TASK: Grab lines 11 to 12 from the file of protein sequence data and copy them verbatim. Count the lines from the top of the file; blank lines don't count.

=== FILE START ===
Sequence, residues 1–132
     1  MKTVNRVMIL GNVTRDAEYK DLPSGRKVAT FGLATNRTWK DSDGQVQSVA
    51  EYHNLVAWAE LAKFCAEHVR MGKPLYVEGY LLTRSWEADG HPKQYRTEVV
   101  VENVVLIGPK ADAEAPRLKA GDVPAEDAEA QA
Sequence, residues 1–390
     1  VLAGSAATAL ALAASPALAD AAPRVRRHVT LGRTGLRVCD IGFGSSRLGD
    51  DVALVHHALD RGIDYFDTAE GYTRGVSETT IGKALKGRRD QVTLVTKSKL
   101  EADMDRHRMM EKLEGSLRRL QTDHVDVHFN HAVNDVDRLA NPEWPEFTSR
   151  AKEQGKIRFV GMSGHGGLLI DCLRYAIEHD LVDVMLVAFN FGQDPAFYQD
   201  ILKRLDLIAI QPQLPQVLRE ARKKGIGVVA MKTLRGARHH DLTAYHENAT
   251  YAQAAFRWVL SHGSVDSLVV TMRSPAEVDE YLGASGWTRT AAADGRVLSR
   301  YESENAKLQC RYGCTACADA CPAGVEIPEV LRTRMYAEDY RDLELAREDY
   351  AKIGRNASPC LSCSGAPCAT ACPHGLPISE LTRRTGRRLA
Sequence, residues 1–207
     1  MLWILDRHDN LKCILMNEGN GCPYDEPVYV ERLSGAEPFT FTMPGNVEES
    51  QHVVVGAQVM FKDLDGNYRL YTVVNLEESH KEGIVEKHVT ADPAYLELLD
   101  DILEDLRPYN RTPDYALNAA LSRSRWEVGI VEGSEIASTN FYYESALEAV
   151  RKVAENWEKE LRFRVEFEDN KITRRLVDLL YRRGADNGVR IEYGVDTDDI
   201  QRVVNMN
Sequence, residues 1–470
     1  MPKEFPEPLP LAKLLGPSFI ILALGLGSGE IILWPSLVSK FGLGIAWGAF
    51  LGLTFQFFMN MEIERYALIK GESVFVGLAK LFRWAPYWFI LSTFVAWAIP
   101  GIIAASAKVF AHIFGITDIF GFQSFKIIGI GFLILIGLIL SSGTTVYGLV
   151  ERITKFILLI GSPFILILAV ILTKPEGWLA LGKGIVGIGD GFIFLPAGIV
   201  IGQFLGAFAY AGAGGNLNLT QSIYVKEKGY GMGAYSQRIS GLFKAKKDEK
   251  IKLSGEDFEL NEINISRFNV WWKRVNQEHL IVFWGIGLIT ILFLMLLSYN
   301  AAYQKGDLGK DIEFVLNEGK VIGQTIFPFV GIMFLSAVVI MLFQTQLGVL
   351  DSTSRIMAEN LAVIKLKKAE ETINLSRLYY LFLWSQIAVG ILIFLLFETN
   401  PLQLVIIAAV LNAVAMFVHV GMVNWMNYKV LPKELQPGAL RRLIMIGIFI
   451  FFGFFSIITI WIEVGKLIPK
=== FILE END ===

   251  YAQAAFRWVL SHGSVDSLVV TMRSPAEVDE YLGASGWTRT AAADGRVLSR
   301  YESENAKLQC RYGCTACADA CPAGVEIPEV LRTRMYAEDY RDLELAREDY